One and then another of the sisters had been supposed to devote her virgin heart to him, and been pining over his long courtship. Nancy, the middle sister, was the one popularly considered to have especially favored him. There were vague whispers of more particular attentions paid her in years gone by. Moreover, she had been the beauty of the family. Tall and willowy in figure, with long brown curls drooping over rose-leaf cheeks, with gentle blue eyes, had Nancy been in her youth.
It seemed probable that she had crept the closest to the heart of the old Beau, but no one really knew. He was a close man, and quite a student; he lived in his old library, walled in with musty books, and wrote with his quill pen pages of fine crabbed letters, which no one ever read, nor knew what their subject was. His one outside diversion was his afternoon call upon the three sisters.
Then, seated, in summer-time, in a carved arm-chair in their front hall, and in the winter in their parlor, with a damask napkin over his thin knees, he partook of tea in a blue china cup, and pound-cake in a blue china plate. The sisters' maidservant always passed around a tea-tray in the afternoon — an old and genteel custom which prevailed nowhere else in the village.
Nancy, the middle sister, died first — of old age, the town record said, although that seemed impossible, and the other sisters insisted that it was of a cold upon the lungs. “Consumption is in our mother's family, and Nancy was always delicate. I never expected she would live to be old,” Rachel told the minister when he called.
After Nancy's death the old Beau drank tea with the other sisters for another summer, then Rachel died, and there was only Camilla left. He did not make his call every afternoon after that. It was understood that she had doubts about the strict propriety of such solitary visits, and had prohibited them.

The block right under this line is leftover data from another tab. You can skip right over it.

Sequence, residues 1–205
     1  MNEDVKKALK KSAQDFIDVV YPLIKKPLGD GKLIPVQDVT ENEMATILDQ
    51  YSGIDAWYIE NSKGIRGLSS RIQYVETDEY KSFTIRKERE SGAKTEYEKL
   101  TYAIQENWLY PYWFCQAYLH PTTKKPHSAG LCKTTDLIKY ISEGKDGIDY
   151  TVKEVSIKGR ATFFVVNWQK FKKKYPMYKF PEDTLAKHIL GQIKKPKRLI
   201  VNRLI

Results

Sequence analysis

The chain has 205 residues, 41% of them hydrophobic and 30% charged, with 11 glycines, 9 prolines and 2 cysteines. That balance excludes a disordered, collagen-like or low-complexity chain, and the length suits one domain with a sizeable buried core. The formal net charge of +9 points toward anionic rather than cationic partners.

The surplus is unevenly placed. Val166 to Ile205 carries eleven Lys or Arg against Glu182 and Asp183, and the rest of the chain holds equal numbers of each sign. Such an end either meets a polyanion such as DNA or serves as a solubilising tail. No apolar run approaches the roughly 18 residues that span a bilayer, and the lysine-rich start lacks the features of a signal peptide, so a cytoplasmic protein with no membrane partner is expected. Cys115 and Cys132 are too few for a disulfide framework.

Then it was that the old Beau manifested symptoms of uneasiness. At the hour when he had been accustomed to call upon his friends he strolled aimlessly about the roads, switching the way-side weeds with his cane. People thought that he was ageing fast.
About three months after Rachel's death, one midsummer Sunday, the old Beau and Camilla walked down the road together to meeting, and it was said that they had gone to the minister's that morning and been married.
The Bridegroom wore his old dress costume of bell hat and blue swallow-tail coat, and held up his handsome white head like a prince in his high stock, and the Bride minced gently at his side in an ample bridal array of a long-past fashion and cut. A white bride-bonnet, white-veiled and crowned with white plumes, adorned the old Bride, and she wore a lustrous white satin gown with a low bodice, a white Canton crape shawl, and white satin shoes. That bridal costume had, beyond doubt, been prepared years and years gone by for one of the sisters, in anticipation of youthful love and wedded bliss; but for which? No one ever knew. Some, indeed, fancied that the white satin breadths were over-long for Camilla, and would better have suited Nancy, who had been taller, but who could say with certainty, since Camilla stooped with age, and must have lost somewhat of her youthful stature?
The old Bride passed up the aisle with her old Bridegroom, and a smile of youth that triumphed over age and memory shone on her old face through her white veil, and no one ever knew whether she wore her own or her sister's wedding-gown, or had wedded her own or her sister's old Beau.